MITx U.Lab: Transforming Business, Society, and Self begins today. We sat down with MIT Professor Otto Scharmer to learn more about his course, its global live-sessions, mindfulness and the connection between transforming the self and changing our world.Sign up today and join Professor Scharmer and a global community of learners and entrepreneurs.
Why did you enter the MOOC environment? What excites you the most about teaching this MOOC?
Higher education is in a moment of disruption. Many institutions of higher education have a product that is overpriced, out of touch with the real societal needs, and outdated in terms of learning methodologies. What excites us about the MOOC environment is that it radically democractizes the access to education and that it creates new learning platforms that can reinvent education around all three dimensions mentioned above: make it freely accessible for all, focus on real societal aspirations and needs, and using new learning methodologies.
What do you hope students will get out of the MOOC that is different from what students experience in an on-campus class?
It will be different in three major ways: one, that by joining this MOOC you join a vibrant global field of entrepreneurship and change that manifests through dozens or hundreds of Hubs around the world and that we will intentionally enable students to feel – by offering three live facilitated classroom sessions that allow learners to connect with each other and course staff in real time.
Two, you join a learning experience that is very personal. For example, each week, students will meet in small coaching circles in order to support each other using a deep listening based peer coaching process.
And three, students will learn new methods and tools that help them to cultivate their most important resource as a leader and as a human being: the power of their attention.
Who should take this MOOC?
Anyone who thinks that changing the world should be connected with changing your self. If you want to change the world without changing your self, this is the wrong course for you.
What kind of experiences do you hope students will have with your MOOC?
That they are strengthened in their entrepreneurial capacity to make the world a better place. That they feel the merging of two very powerful forces: the power of entrepreneurship and the power of the awakening intelligence of the heart.
How are you using your MOOC in different and new ways?
We are pushing the boundary in four different directions:
1. Introduction of global live-sessions that make students experience and feel the global field of learners in real-time.
2. We also introduce small peer-based deep listening coaching groups that give every student a deep coaching experience through weekly sessions in groups of five.
3. We believe in action learning: students will learn by prototyping the future they want to create.
4. And lastly, we introduce new mindfulness techniques and presencing practices that help students to access their deeper sources of knowing.
Why is mindfulness important? How can your students cultivate it?
Mindfulness has been getting a lot of attention lately in four areas: cognition science, health, education, and leadership. Mindfulness matters because it cultivates our capacity for paying attention to our attention. And that capacity is at the ground of everything, of all advanced human capacities. So we give students access to some of these practices, particularly practices that help them to become better listeners and more effective in holding the space for dialogue.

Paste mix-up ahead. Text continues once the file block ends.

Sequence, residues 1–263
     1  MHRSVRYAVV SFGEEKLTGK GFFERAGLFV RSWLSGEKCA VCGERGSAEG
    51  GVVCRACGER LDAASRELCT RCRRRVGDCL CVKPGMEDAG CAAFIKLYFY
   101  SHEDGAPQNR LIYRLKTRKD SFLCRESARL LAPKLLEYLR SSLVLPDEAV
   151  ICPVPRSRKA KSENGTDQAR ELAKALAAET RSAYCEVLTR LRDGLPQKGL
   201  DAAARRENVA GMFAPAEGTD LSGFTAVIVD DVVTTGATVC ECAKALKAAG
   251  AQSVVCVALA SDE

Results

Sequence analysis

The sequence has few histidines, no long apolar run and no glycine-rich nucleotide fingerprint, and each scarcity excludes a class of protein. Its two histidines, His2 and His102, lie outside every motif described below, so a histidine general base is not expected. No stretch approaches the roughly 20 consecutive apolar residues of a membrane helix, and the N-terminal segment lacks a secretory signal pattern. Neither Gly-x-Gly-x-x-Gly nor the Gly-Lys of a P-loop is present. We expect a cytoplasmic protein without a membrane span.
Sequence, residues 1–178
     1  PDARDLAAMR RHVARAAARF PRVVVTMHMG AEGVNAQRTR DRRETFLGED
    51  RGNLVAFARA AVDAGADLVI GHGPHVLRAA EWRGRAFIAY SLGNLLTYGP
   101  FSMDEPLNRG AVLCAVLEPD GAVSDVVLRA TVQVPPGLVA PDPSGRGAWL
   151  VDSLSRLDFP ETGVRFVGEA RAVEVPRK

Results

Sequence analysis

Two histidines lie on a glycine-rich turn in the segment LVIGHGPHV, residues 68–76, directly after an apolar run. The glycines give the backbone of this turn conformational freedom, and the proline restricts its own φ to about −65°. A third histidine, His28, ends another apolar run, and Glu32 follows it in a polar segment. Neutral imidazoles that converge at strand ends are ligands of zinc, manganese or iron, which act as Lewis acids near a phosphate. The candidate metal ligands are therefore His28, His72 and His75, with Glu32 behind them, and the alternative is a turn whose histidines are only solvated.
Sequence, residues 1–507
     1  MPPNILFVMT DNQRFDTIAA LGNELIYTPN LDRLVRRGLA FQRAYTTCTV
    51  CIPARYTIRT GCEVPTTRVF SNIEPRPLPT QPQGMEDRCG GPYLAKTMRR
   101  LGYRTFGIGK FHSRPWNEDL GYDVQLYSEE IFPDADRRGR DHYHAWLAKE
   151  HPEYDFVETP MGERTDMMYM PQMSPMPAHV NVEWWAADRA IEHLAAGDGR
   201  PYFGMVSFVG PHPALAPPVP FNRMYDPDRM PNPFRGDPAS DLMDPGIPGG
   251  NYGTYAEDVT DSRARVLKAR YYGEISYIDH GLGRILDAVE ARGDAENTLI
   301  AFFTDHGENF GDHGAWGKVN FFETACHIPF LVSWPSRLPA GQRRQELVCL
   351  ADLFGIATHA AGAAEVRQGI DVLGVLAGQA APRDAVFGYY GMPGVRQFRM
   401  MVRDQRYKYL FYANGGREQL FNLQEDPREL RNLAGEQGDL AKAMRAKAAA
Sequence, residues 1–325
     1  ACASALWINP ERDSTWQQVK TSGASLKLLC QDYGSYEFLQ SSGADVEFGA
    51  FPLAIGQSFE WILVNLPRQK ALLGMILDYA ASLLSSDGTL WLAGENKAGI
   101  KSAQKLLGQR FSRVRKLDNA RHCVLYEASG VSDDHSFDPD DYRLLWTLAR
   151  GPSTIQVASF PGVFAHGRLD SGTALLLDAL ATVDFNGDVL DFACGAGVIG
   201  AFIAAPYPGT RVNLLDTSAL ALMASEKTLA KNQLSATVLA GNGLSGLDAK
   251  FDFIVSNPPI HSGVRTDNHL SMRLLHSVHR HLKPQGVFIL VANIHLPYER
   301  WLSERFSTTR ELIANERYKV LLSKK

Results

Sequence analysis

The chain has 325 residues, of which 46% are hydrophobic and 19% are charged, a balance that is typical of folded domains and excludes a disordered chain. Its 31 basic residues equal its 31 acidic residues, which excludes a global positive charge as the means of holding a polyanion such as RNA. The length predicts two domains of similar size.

Considering current events and today’s challenges, is now the perfect time for this MOOC and how so?
Absolutely. Around the world, not only here in the US, we see the seeds and the sprouts for a worldwide movement that links awareness and self-awareness as starting points for creating meaningful environmental, social, and economic change. Seeing the millennial generation taking the streets is one of the most significant and inspiring events that we have seen in decades. This MOOC offers a set of methods and tools that allows this generation to generate change that is more creative, intentional, systemic, and collective.
What are your thoughts on change? Is it just something people talk about or does it actually happen?
I have seen real change in the sense of tectonic geo-political and geo-cultural shifts happening several times. I saw it when the Berlin Wall crumbled in 1989. I saw it when the Apartheid regime came down in South Africa. We felt it here in the United States, to some degree, when Barack Obama first took office. And we saw it again with the rise of East Asia as the new center of gravity in our evolving global economy in just a few decades. All of this happened in less than 30 years. And yet, we believe that the most significant change of our generation is yet to come. And that change has to do with transforming self and capitalism in a way that we start to activate our deeper entrepreneurial and creative capacities that we have as human beings.
What have you enjoyed the most about creating your MOOC?
Working together with a highly professional team at MITx and being at the forefront of revolutionizing higher ed.
What should students do to prepare for this course in advance?
Mark your calendars for the live sessions. Create calendar space for your (self-organized) weekly coaching sessions. Bring your full self and enjoy the ride as we go…
Rachel Lapal, Communications Manager